Topic 1: First Look at UX/UI Design
This week, you are learning about the fundamental principles of user interface design. You are also exploring how the user experience is driven by the interface design. You also looked at the different types of user interfaces.
Discussion: Select a user interface to critique. You may choose the type of interface to critique (i.e., website, app, AR, VR, tablet, smartphone, smart TV).
Question 1: Include a few screenshots/images of the selected user interface to provide your peers a look at the user interface. Briefly describe the purpose of the user interface.
Question 2: Run a quick heuristic evaluation on the interface. Discuss your initial thoughts on the design and experience using the interface.
*These recommendations and overall experience are based on on your opinions. Later on we will back the recommendations with research.
Minimum Topic Response
PLEASE RESPOND IN THREE OR MORE SENTENCES PER QUESTION.
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Week 1 Overview
User interface (UI) is any method or means by which the end-user of a product interacts with, or controls, a product, software or hardware device. User interface is designed to allow humans to control machines effectively and efficiently, and good UI should make the interaction between the user and the product as smooth, effortless and enjoyable as possible.
A UI designer is responsible for how a product’s design and graphical features are laid out, as well as how the user interacts with them. They decide which elements should be placed where, which functions serve the user’s purposes best, and how to implement cohesive visuals for consistency. UI designers typically work with Photoshop, Sketch, and similar tools.
User interface design refers to the process of creating interfaces in software, applications, or hardware. It places an emphasis on achieving a high standard of presentation and functionality that users find accessible and aesthetically appealing.
This week you will explore the fundamentals of UI/UX design.
“Designers are not users.” — Jakob Nielsen
Week 1 Learning Objectives
By the end of the week, you’ll be able to do the following:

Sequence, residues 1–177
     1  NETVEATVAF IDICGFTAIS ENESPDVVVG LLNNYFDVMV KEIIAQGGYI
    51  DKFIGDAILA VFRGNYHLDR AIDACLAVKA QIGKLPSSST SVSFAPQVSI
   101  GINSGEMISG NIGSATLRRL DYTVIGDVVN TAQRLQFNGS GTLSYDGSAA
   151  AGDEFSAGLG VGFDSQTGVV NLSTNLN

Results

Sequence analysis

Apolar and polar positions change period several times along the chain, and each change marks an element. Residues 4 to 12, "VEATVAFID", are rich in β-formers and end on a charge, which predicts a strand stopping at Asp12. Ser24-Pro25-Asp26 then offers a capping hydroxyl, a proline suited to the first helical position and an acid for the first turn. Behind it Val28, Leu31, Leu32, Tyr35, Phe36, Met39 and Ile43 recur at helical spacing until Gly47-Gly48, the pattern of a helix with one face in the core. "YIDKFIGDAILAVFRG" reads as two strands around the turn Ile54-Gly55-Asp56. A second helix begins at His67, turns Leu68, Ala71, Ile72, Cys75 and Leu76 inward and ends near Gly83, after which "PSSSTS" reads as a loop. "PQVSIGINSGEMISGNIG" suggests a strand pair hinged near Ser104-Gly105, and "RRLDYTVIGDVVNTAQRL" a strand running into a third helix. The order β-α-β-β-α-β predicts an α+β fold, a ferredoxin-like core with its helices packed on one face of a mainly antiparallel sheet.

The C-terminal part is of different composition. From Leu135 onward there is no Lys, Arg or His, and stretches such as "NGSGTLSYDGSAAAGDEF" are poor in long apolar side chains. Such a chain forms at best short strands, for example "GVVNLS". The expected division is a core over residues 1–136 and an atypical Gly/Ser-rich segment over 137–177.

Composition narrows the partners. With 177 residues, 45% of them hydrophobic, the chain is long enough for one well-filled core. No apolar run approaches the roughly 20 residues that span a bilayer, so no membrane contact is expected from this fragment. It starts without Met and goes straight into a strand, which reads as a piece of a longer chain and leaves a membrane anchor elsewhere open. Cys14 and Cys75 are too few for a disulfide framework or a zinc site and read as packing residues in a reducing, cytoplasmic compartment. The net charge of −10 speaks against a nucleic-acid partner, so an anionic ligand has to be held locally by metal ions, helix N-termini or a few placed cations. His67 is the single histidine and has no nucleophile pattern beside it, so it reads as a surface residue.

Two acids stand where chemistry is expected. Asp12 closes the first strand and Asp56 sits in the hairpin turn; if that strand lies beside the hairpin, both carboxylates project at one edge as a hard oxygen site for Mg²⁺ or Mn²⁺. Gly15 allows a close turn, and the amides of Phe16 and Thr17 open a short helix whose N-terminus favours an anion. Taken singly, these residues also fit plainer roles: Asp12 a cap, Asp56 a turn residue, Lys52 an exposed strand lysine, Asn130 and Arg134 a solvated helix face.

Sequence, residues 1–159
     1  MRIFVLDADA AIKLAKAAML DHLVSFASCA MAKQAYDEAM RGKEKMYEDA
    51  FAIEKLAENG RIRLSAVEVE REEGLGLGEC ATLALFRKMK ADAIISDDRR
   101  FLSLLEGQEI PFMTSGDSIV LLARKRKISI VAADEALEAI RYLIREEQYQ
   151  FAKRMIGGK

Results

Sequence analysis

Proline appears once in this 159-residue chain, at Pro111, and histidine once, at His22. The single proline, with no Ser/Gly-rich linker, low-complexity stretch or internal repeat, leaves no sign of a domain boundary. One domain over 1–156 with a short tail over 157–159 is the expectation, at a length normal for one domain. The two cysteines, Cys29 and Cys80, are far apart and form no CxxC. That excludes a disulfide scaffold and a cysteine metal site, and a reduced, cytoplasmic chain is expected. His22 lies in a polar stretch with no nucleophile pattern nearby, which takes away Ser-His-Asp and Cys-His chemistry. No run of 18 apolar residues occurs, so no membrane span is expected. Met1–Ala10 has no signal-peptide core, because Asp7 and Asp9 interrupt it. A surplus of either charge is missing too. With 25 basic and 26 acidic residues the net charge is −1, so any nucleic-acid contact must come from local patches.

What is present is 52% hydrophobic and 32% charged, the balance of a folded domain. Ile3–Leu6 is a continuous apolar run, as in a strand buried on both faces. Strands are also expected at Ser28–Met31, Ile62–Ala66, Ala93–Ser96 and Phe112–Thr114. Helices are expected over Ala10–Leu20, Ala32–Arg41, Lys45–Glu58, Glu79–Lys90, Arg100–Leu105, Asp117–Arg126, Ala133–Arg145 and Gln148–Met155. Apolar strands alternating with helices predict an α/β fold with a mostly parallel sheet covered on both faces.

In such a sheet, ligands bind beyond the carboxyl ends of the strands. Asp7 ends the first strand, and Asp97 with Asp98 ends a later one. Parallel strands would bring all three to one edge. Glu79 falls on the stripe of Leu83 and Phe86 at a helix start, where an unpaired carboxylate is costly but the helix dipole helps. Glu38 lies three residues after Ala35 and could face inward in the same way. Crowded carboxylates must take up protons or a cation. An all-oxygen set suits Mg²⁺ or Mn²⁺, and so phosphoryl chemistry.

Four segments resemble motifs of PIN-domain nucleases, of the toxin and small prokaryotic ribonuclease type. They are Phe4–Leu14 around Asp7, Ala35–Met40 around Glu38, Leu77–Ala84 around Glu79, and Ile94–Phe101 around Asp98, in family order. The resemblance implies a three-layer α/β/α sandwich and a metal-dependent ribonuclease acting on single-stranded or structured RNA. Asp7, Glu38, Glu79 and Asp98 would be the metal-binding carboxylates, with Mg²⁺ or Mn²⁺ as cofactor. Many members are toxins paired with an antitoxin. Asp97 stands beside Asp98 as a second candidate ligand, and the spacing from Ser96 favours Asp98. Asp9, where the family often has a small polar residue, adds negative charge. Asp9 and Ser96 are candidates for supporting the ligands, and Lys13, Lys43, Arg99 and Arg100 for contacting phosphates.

Identify the differences between usability and user experience.
Identify and define key terms related to user interfaces and user interface design and implementation.
Identify and describe various types of user interfaces.
Describe and explain the user-centered design process.
Explain the concepts of user experience, user interface, and usability.
Lesson 1 Foundations of UI/UX Design
The user interface definition is a one that many people struggle with. This is because of the confusion regarding user experience vs. user interface. To make sure that you can differentiate the two, you have to know what each of them mean. User experience (UX) focuses on the overall experience that someone has on your website while user interface (UI) is focused on the overall look and feel of a website. The two design elements work hand in hand and sometimes overlap, but UI design is more about how a website is presented in general in terms of style and interaction.
User interface design involves the process of making something look a certain way or have a certain style while maintaining strong functionality. It focuses on connecting your visitors to your website with aesthetically pleasing design elements. UI design also gives people clear directions on how to navigate your website and search through each page of information while clearly displaying relevant calls-to-action so that decisions are simple and straightforward. It includes all of the buttons and breadcrumbs of navigation alongside interactive lists, toggles, and icons.
“Consistency is one of the most powerful usability principles: when things always behave the same, users don’t have to worry about what will happen. Instead, they know what will happen based on earlier experience.”
— Jakob Nielsen
Define: User Interface
User interface, or UI, describes the way in which a human interacts with a machine. Though technically something as simple as a light switch could be considered an instrument of UI, most modern references relate to computers and other electronic devices.
UI makes the exchange between users and machines possible. Without it, this vital form of communication ceases to exist.
There are four prevalent types of user interface and each has a range of advantages and disadvantages:
Command Line Interface
The command line interface is no longer common as a form of basic user interface in everyday consumer products, but it is still in use under certain circumstances. Command Line Interface requires users to type appropriate instructions into the command line. The computer is commanded to first go to the required file or directory. From there, a whole host of commands become available, from retrieving files to running programs.
Minimal memory usage
Great for slow-running computers, or those low on memory
An expert CLI user can give commands and perform tasks much faster than when using an alternative UI type
Difficult to learn command language
Complex for novice users
Minimal error message information
The menu-driven user interface provides you with a range of commands or options in the form of a list or menu displayed in full-screen, pop-up, pull-down, or drop-down. An ATM is an example of a menu-driven interface.
It is not necessary to remember a long list of manual commands
Simple interface for novices
Self-explanatory menu options
Slower for experienced users
Limited menu options
Often requires you to access multiple menu screens to perform simple functions
Graphical User Interface